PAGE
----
The Brunsviga Nova 13, Olympia Werke AG, Wilhemshaven, circa 1920, entirely mechanical, typical of computing equipment used at Columbia University in the mid-1920s. Brunsviga and Millionaire calculators are listed in the 1924-1925 Columbia University Catalogue in the Social Science section (the specific Brunsviga models are not stated but the Nova 13 is a likely candidate).
An adding machine could do only sums. A calculator could also multiply and possibly divide (of course later calculators could do more than that). Multiplication was performed by entering the multiplicand and then turning the crank "multiplier" times (or vice-versa). Models like the Brunsviga allowed certain crank-saving techniques. For example, to multiply 567 by 32:
Here are some additional Brunsviga views, from Paula Koivunen (email@example.com) in Finland, April 2008, of her father's Brunsviga Nova 13, serial number 115117 (click on the thumbnails to see larger versions):
The Millionaire was a bit more efficent, requiring only one crank turn per multiplier digit; the increased efficiency was accomplished with (mechanical) lookup tables; thus it could multiply a long number by a single digit n directly, rather than by adding the number to itself n times.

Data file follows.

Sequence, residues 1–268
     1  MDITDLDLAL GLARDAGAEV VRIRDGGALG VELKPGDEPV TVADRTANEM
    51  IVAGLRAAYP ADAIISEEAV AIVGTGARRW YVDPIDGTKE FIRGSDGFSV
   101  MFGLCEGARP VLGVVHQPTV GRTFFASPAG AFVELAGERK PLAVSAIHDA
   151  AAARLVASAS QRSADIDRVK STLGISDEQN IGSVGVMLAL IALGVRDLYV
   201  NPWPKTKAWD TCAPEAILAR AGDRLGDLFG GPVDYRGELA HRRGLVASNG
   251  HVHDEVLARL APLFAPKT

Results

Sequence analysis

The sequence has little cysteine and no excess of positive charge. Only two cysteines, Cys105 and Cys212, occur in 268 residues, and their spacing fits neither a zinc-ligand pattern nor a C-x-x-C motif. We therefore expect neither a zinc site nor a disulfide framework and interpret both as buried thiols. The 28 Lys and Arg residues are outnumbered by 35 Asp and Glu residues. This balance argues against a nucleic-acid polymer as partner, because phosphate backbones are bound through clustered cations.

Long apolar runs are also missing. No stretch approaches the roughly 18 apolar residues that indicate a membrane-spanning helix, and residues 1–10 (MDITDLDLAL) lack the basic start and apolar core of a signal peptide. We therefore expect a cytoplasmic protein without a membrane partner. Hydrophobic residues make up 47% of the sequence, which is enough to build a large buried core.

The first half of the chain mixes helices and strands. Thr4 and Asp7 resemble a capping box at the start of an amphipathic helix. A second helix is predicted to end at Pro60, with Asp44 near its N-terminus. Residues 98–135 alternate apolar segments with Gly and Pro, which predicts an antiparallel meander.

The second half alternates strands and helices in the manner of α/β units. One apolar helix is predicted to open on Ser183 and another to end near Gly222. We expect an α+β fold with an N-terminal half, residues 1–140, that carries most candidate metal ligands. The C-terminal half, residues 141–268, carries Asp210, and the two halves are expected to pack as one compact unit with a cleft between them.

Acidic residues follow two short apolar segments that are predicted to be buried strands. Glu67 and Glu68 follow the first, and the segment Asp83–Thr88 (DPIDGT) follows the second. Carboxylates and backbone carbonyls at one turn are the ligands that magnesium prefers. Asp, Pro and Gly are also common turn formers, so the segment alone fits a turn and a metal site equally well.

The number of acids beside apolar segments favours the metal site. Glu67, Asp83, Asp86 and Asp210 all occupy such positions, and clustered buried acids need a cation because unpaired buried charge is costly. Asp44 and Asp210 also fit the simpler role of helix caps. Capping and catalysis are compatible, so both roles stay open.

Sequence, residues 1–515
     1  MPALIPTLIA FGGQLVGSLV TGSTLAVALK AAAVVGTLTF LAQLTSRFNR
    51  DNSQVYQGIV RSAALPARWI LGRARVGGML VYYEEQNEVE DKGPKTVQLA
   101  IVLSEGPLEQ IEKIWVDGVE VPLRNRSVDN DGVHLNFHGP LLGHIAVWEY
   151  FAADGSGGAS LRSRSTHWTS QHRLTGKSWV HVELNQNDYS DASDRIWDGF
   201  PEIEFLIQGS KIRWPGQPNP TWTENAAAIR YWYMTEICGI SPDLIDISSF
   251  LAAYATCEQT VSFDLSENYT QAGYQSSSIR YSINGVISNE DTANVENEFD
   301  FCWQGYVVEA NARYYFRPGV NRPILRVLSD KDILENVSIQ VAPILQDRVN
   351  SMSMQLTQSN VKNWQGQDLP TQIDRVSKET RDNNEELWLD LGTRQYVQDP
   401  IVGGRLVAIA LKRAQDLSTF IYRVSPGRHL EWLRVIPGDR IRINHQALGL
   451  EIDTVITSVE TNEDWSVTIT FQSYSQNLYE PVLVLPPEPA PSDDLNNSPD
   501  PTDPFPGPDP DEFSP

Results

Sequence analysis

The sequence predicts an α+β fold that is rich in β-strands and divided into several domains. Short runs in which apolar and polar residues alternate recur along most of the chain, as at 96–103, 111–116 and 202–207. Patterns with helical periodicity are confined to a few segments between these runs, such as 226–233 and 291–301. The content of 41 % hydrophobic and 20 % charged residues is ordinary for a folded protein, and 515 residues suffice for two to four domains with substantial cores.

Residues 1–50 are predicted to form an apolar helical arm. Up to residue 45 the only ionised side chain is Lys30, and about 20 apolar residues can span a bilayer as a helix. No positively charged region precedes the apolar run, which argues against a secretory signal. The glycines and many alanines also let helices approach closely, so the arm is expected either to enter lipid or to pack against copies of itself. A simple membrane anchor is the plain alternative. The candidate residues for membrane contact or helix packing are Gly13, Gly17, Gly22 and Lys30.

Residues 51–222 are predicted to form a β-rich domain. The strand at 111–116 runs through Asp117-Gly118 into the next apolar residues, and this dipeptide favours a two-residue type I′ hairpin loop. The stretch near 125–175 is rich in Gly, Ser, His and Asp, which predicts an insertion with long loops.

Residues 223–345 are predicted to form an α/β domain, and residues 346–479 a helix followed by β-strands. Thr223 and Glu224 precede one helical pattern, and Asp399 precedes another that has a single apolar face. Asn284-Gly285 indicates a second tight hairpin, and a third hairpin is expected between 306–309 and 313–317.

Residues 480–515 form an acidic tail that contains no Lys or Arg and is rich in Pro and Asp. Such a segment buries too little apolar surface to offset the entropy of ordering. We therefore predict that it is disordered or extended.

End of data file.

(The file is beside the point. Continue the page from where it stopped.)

See the 1933-34 section of the Timeline to learn how the laborious, time-consuming, and error-prone calculator-based methods for performing complex scientific computations prompted a Columbia Astronomy professor, Wallace Eckert, to design and build (in Pupin Hall) an electro-mechanical "network" of devices capable of automated mathematical computation under program control -- arguably the first computer.
More Brunsviga and mechanical calculator links (all working as of 27 March 2021):
|Columbia University Computing History||Frank da Cruz / firstname.lastname@example.org||This page created: January 2001||Last update: 27 March 2021|